Retrospective Study
Copyright ©The Author(s) 2019. Published by Baishideng Publishing Group Inc. All rights reserved.
World J Cardiol. May 26, 2019; 11(5): 137-148
Published online May 26, 2019. doi: 10.4330/wjc.v11.i5.137
Impact of gout on in-hospital outcomes of acute coronary syndrome-related hospitalizations and revascularizations: Insights from the national inpatient sample
Rupak Desai, Tarang Parekh, Hemant Goyal, Hee Kong Fong, Dipen Zalavadia, Nanush Damarlapally, Rajkumar Doshi, Sejal Savani, Gautam Kumar, Rajesh Sachdeva
Rupak Desai, Gautam Kumar, Rajesh Sachdeva, Division of Cardiology, Atlanta VA Medical Center, Decatur, GA 30033, United States
Tarang Parekh, Department of Health Administration and Policy, George Mason University, Fairfax, VA 22030, United States
Hemant Goyal, Department of Internal Medicine, Macon University School of Medicine, Macon, GA 31207, United States
Hee Kong Fong, Department of Internal Medicine, University of Missouri-Columbia, Columbia, MO 65212, United States
Dipen Zalavadia, Department of Internal Medicine, The Wright Center for Graduate Medical Education, Scranton, PA 18503, United States
Nanush Damarlapally, Department of Health Sciences, Coleman College of Health Sciences, Houston, TX 77030, United States
Rajkumar Doshi, Department of Internal Medicine, University of Nevada School of Medicine, Reno, NV 89557, United States
Sejal Savani, Public Health, New York University, New York, NY 10010, United States
Gautam Kumar, Rajesh Sachdeva, Division of Cardiology, Emory University School of Medicine, Atlanta, GA 30322, United States
Rajesh Sachdeva, Division of Cardiology, Morehouse School of Medicine, Atlanta, GA 30310, United States
Author contributions: Desai R and Parekh T equal contribution to the manuscript; Desai R, Sachdeva R and Kumar G contributed to conception and design; Desai R and Doshi R contributed to provision of study material or patients; all authors contributed to collection and assembly of data, data analysis and interpretation, manuscript writing and final approval of manuscript.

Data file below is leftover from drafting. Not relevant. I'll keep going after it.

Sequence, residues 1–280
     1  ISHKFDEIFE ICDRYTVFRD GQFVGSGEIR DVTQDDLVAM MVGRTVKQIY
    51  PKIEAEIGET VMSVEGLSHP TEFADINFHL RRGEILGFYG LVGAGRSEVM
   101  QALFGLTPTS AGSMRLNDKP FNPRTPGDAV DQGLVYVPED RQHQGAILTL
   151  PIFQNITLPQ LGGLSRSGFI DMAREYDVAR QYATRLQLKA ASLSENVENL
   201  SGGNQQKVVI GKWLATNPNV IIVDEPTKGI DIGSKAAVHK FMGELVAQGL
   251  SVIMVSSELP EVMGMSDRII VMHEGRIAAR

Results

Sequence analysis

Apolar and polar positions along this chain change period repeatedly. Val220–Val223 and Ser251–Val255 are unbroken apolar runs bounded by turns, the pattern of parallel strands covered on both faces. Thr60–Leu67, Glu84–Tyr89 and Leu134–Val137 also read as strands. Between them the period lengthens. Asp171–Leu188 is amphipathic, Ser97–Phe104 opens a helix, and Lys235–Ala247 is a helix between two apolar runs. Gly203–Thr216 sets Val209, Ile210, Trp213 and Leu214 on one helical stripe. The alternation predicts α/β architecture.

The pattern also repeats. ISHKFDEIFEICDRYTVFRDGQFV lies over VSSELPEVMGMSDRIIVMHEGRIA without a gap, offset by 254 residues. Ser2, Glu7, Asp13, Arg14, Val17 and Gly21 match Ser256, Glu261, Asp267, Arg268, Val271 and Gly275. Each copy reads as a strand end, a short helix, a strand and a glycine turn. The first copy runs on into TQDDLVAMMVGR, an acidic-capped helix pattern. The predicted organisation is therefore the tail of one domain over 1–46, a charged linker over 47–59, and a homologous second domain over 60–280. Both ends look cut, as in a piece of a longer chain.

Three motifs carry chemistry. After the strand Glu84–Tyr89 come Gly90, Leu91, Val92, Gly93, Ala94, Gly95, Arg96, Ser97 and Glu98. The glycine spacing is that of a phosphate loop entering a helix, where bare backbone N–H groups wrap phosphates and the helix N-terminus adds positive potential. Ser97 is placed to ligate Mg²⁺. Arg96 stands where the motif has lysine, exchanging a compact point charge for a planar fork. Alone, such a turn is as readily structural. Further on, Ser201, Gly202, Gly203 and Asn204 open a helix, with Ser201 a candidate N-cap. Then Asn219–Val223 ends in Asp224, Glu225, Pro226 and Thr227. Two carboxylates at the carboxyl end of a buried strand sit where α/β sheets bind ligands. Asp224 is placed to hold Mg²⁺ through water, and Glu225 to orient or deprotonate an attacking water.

Institutional review board statement: This study was exempt from an IRB review.
Informed consent statement: Patients were not required to give informed consent to the study because the analysis used anonymous clinical data from a publically accessible dataset.
Conflict-of-interest statement: All authors declare no conflicts-of-interest related to this article.
Open-Access: This article is an open-access article which was selected by an in-house editor and fully peer-reviewed by external reviewers. It is distributed in accordance with the Creative Commons Attribution Non Commercial (CC BY-NC 4.0) license, which permits others to distribute, remix, adapt, build upon this work non-commercially, and license their derivative works on different terms, provided the original work is properly cited and the use is non-commercial. See:
Corresponding author: Hemant Goyal, FACP, MBBS, MD, Assistant Professor, Department of Internal Medicine, Macon University School of Medicine, 707 Pine St., Macon, GA31207, United States.
Telephone: +1-478-3015862
Received: February 20, 2019
Peer-review started: February 22, 2019
First decision: March 15, 2019
Revised: April 2, 2019
Accepted: May 22, 2019
Article in press: May 22, 2019
Published online: May 26, 2019
Core Tip

Core tip: Previous studies have established a role of gout in predicting risk and prognosis of cardiovascular diseases. However, large-scale data on the impact of gout on inpatient outcomes of acute coronary syndrome (ACS)-related hospitalizations and post-revascularization is inadequate. In this largest nationwide cohort, we identified 3144744 ACS-related hospitalizations, of which 105198 (3.35%) also had gout. Coronary artery bypass grafting was required more often in the ACS-gout cohort. Post-revascularization (percutaneous coronary intervention/coronary artery bypass grafting) complications including cardiovascular (3.2% vs 2.9%), respiratory (3.5% vs 2.9%), and hemorrhage (3.1% vs 2.7%) were higher and raised the mortality odds whereas all-cause mortality was lower (2.2% vs 3.0%) in the ACS-gout cohort. Mean length of stay, transfers and hospital charges were higher in the ACS-gout cohort.